The word ‘deepfake’ is quickly gaining traction. But what is it exactly? Linguistically a combination of ‘deep-learning’ and ‘fake’, it refers to the artificial production, manipulation and modification of data to create a false representation of an existing person, object, place, or entity.
What’s the problem?
Media manipulation is not a new phenomenon, particularly in the entertainment industry. However, recent use of deepfake technology takes it a notch lower, deeper, as it were. Troublingly, it is about the unprecedented and more visually effective spread of misinformation, manipulation of public opinion, creation of malicious or harmful content, and scamming.
Are there any laws which regulate deepfakes?
One would assume that the knight-in-shining-armor leading the charge to defend victims of artificial manipulation of their image would be the newly proposed Artificial Intelligence Act (AI Act). Through it the European Union (EU) hopes to harmonise the rules and obligations steering the development, market placement, and use of AI systems amongst member states.
The proposed AI Act will not bar the use of deepfakes outright, but attempts to regulate them through transparency obligations placed on the creators, who will be obliged to “disclose that the content has been artificially generated or manipulated”.
Whilst this piece of legislation can be viewed as a promising first step, certain issues persist. Enforceability against malicious content creators, especially those operating from outside of the EU, remains an issue. Furthermore, it is not yet clear whether those who create a malicious deepfake in their personal capacity (as opposed to a professional one) will be subject to such transparency obligations.
Another relevant legal framework is the General Data Protection Regulation (GDPR). Given that content is frequently created using an individual’s personal data, including their image and voice, the content creator would be subject to GDPR obligations. Significantly, the processing of personal data requires a legal basis, such as the informed consent of the person depicted in the deepfake.
Although it may seem promising for victims, the reality is that relying on the GDPR for legal protection can be a rather meandering legal route. As with the AI Act, the most challenging obstacle remains enforceability, as in most cases it is very difficult to identify and hold accountable malicious deepfake creators.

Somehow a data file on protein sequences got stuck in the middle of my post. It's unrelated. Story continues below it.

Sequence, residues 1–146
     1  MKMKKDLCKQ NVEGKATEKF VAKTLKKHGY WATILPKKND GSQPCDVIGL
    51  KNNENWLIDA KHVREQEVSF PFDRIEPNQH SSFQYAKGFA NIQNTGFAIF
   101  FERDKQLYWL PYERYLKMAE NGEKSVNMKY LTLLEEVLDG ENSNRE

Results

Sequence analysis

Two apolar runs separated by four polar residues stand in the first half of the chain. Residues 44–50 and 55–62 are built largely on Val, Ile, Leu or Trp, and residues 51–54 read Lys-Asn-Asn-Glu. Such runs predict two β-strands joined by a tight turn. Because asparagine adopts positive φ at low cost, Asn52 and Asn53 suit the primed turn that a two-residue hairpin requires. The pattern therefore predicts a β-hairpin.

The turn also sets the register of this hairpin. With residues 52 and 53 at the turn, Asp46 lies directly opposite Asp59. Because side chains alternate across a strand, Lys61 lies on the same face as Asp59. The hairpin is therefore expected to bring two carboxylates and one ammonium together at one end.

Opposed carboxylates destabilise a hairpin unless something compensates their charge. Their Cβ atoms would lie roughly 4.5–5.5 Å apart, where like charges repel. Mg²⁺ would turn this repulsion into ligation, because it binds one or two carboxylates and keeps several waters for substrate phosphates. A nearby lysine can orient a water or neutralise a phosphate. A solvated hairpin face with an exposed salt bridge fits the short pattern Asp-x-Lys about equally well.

The Digital Services Act (DSA) is another important legal framework, allowing individuals to notify an online platform of any content which they deem to be illegal. It is then up to the platform to take the necessary action. Recent discussions in the European Parliament focused on the introduction of a specific section in the DSA which obliges very large online platforms who become aware of malicious deepfakes to provide a visible indication informing platform users of such malicious content.
The DSA’s key stumbling block is that it is not clear what a platform should deem to be ‘illegal’ and consequently remove. Furthermore, instead of seeking to proactively prohibit the production of malicious deepfakes, this Act adopts a rather reactive approach to eliminate existing illegal content.
Ok, so are we protected?
The bottom line is that while on paper it seems that individuals have ample legal safeguards against malicious deepfakes, in practice they may not be easily enforceable. Pending further breakthroughs on this front, it is of utmost importance to take the necessary precautions, including the following:
Be cautious of content that seems too good to be true.
Keep an eye out for clues that the content may be a deepfake (such as strange distortions or artefacts in the video or audio), bearing in mind that technology is bound to improve and such giveaways will most likely be less evident.
Be careful before sharing deepfake content, as it may contribute to its spread and help to legitimise it.
This article was first published in the Times Of Malta